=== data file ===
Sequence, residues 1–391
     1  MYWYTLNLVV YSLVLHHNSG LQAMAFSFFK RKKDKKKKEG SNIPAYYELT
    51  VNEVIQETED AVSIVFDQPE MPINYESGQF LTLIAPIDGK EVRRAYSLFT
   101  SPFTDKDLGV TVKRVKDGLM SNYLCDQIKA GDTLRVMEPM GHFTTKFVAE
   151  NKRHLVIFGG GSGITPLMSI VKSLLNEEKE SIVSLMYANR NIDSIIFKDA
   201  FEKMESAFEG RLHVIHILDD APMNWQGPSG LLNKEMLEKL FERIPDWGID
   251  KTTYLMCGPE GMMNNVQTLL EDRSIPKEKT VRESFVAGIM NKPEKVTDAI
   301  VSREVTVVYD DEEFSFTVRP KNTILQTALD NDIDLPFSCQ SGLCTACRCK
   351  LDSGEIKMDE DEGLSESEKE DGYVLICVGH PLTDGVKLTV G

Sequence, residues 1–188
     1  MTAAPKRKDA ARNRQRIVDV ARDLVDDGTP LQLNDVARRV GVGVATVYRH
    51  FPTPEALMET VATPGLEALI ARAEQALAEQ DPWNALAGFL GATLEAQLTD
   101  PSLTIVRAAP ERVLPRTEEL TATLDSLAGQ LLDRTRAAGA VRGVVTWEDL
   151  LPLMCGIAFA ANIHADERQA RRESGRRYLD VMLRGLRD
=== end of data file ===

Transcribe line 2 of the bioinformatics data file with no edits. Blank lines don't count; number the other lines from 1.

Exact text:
     1  MYWYTLNLVV YSLVLHHNSG LQAMAFSFFK RKKDKKKKEG SNIPAYYELT